Pennsylvania's former health secretary says the state has failed to seriously study the potential health impacts of one of the nation's biggest natural gas drilling booms.
Dr. Eli Avila also says the state's current strategy is a disservice to people and even to the industry itself because health officials need to be proactive in protecting the public.
"The lack of any action speaks volumes," said Avila, who is now the public health commissioner for Orange County, New York. "Don't BS the public. Their health comes first."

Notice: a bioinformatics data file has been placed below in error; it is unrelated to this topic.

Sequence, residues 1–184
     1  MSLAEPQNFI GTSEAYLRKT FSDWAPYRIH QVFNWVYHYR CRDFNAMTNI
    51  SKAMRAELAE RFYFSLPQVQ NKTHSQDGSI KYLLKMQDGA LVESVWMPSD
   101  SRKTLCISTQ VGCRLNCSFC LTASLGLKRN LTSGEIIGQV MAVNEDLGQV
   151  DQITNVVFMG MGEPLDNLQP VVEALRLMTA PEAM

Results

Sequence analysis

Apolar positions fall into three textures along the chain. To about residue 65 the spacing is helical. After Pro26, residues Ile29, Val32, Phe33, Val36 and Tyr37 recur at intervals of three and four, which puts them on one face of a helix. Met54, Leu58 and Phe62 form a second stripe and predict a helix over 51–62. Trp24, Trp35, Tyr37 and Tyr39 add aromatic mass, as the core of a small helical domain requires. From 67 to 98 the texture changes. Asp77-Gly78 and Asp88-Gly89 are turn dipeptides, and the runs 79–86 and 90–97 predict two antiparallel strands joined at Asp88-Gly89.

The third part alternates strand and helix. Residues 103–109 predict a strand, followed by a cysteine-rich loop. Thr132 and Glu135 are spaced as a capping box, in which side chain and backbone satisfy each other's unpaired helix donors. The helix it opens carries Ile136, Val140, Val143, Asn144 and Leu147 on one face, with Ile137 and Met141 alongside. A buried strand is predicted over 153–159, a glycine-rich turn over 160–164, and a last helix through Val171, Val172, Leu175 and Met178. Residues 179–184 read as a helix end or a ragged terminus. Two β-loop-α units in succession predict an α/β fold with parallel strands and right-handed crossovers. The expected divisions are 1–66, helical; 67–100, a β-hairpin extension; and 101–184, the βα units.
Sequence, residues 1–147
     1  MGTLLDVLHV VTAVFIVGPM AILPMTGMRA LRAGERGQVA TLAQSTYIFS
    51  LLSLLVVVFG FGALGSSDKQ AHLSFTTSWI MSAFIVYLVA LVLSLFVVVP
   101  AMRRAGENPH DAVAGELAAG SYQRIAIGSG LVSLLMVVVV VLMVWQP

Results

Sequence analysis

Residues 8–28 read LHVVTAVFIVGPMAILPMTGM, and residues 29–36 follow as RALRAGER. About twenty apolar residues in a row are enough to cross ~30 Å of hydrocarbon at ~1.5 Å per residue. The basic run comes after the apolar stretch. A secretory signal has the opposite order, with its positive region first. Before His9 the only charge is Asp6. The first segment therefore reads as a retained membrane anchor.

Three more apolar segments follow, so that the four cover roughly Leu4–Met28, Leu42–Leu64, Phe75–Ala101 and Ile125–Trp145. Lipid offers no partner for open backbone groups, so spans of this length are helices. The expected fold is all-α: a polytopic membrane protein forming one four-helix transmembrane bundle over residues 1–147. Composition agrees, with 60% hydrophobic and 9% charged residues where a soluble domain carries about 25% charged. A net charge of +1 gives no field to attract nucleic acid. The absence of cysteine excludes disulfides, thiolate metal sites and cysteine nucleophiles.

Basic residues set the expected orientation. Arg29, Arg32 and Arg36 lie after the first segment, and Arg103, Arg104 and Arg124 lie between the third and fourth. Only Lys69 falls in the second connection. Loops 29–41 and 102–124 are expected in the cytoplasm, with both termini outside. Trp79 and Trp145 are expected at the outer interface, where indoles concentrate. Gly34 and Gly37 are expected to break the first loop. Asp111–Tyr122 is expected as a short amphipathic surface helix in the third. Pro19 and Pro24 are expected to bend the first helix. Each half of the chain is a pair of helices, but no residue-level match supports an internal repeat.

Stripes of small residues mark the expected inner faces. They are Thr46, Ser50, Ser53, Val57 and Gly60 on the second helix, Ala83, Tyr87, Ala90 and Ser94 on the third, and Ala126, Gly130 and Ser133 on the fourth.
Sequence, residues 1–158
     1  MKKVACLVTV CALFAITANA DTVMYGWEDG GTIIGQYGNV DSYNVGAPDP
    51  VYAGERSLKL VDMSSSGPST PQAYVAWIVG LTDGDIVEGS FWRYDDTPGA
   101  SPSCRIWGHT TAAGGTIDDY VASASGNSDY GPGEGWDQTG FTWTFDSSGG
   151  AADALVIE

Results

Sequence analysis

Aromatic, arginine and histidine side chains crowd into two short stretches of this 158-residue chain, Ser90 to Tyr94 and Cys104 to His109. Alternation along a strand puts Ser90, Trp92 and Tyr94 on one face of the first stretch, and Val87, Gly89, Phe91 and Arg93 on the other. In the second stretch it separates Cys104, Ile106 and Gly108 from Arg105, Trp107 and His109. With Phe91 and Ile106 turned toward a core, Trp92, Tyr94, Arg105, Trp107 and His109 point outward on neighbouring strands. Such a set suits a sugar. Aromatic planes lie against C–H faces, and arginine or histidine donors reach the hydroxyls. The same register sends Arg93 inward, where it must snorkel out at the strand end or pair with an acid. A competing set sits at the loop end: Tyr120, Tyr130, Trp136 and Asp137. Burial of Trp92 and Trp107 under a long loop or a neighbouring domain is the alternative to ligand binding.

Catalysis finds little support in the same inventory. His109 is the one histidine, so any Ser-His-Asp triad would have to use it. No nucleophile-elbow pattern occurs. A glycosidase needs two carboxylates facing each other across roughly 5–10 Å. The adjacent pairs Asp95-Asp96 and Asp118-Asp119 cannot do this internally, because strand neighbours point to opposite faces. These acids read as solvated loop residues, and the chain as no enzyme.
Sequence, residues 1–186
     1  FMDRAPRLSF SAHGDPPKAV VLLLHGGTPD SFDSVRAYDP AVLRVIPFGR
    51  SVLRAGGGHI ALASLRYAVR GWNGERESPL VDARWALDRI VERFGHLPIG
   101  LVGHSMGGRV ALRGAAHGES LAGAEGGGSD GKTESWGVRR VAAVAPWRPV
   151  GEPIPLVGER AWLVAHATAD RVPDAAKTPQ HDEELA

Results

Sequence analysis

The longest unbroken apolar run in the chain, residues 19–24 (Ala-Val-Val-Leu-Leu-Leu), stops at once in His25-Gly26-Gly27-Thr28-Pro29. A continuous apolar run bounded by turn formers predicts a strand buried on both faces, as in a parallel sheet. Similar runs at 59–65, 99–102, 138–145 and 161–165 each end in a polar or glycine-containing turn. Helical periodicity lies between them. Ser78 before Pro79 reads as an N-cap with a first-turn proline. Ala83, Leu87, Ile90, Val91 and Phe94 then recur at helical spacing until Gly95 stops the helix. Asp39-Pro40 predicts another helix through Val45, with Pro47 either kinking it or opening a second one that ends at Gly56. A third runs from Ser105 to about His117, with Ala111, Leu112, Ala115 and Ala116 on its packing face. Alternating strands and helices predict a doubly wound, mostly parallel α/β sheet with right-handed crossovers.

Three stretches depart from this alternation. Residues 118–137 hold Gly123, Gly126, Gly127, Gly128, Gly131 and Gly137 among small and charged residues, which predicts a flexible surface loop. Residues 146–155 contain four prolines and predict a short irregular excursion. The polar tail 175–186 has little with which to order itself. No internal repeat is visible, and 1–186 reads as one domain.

Avila told The Associated Press that he believes senior political advisers did a "disservice" to Republican Gov. Tom Corbett by putting a study of health effects on the back burner three years ago. That has led to a cycle of public fear and confusion, Avila said.
"What are you so afraid that we're going to uncover?" Avila said of industry leaders, adding that it would be better to clearly tell people what is or isn't a problem. "It's not that I'm against fracking. I'm sure it's helping many individuals financially."